At the peak of the drought in October 2021, Abdullahi Mohamed, a community leader in Hadado, expressed the fears of the community. “If the rains fail in November and December, we are facing death as a result of no food and water. We are already too weak, I don’t know how many children and women can make it till it rains especially outside the inaccessible rural areas. We fear for our lives.”

Incidences of human-wildlife conflict due to severe drought also increased, especially in Wajir North, Balambala, and Ijara, where warthogs and monkeys were walking into people’s houses looking for food and water.

In July 2021, Devolution Cabinet Secretary Eugene Wamalwa and Food and Agriculture Organisation (FAO) Representative Carla Mucavi signed a Drought Action and Response Plan that requires KSh9.4 billion for drought mitigation for pastoral and agro-pastoral communities in the arid and semi-arid counties (ASALs).

Without pasture, the same grain that feeds their families is also used to feed the weak animals.

President Uhuru Kenyatta declared the drought a national disaster on 8 September 2021 and instructed the National Treasury and the Ministry of Interior and Coordination of National Government to spearhead government efforts to assist the effected communities including with water and relief food distribution as well as livestock uptake. The central government subsequently allocated KSh2 billion for drought mitigation measures in 10 northern counties including Wajir, Garissa, Mandera, and Turkana.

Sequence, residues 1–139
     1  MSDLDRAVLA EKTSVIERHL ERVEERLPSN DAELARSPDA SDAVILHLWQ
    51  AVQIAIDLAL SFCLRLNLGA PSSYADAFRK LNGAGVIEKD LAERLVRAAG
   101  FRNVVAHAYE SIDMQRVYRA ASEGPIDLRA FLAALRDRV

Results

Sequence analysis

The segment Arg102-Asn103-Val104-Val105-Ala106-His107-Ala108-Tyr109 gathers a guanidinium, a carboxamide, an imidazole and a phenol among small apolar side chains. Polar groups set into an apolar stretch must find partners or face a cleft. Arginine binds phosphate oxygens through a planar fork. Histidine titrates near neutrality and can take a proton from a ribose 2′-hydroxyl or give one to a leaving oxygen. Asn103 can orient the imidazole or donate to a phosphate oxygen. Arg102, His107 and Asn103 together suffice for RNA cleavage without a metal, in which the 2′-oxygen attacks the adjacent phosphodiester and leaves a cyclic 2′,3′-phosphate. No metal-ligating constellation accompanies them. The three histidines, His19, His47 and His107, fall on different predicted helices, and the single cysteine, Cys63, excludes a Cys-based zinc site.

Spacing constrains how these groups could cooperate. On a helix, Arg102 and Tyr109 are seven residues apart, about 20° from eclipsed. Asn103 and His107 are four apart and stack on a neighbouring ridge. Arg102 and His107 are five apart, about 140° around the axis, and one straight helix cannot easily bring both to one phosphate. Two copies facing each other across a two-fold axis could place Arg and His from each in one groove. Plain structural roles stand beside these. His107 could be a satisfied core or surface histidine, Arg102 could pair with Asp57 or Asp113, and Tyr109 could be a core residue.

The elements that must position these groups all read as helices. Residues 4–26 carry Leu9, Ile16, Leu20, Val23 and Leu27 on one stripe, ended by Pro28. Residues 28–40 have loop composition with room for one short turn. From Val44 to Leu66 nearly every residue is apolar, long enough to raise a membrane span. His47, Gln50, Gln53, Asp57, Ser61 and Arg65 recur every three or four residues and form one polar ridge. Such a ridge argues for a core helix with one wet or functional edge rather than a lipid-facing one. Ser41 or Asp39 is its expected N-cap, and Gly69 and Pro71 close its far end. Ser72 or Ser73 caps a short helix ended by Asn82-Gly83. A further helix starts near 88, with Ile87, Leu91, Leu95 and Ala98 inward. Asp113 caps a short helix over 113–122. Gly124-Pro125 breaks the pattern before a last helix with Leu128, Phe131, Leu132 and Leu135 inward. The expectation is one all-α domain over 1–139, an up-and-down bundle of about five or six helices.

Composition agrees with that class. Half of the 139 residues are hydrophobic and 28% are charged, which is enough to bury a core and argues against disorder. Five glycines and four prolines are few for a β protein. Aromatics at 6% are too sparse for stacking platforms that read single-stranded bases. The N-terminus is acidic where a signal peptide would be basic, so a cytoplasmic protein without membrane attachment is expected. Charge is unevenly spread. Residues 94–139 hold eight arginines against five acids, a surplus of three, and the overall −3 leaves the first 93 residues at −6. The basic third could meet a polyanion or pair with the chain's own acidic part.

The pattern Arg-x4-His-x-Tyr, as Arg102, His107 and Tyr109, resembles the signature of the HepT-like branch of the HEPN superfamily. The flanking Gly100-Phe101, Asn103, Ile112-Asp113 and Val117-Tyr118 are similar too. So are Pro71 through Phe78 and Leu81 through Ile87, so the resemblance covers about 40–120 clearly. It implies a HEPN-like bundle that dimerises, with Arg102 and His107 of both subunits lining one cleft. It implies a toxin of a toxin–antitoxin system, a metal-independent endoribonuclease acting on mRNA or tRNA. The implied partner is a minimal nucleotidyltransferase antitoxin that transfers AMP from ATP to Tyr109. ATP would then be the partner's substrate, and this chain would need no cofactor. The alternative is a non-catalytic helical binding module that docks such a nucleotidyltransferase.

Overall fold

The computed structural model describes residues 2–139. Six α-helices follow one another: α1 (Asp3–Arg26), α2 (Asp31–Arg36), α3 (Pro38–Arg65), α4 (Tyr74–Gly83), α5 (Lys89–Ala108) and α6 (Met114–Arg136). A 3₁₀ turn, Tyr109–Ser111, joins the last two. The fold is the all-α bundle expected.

On 4 November 2021, the national government launched a food aid programme with the government spokesman, Col. (Rtd.) Cyrus Oguna, flagging off food relief for drought mitigation that included 6,000 bags of rice and 12 000 bags beans to 10 locations in Wajir East. Each location received 50 and 17 bags of rice and beans. The Wajir County Government’s allocation of KSh180 million to special programmes was used to purchase emergency livestock feeds and food aid to save lives and livelihoods at the sub-county level. This was not nearly enough according to humanitarian organizations operating in Wajir, because the county has more than 781,000 people and more than half of the population were facing acute food Insecurity and acute severe malnutrition.

The primary water sources for human and livestock use across the county are boreholes, shallow wells, and water trucking. And even though it is unsustainable and very expensive, as the drought conditions persisted, there was a significant upsurge in the number of centres and institutions depending on water trucking as their primary source of water.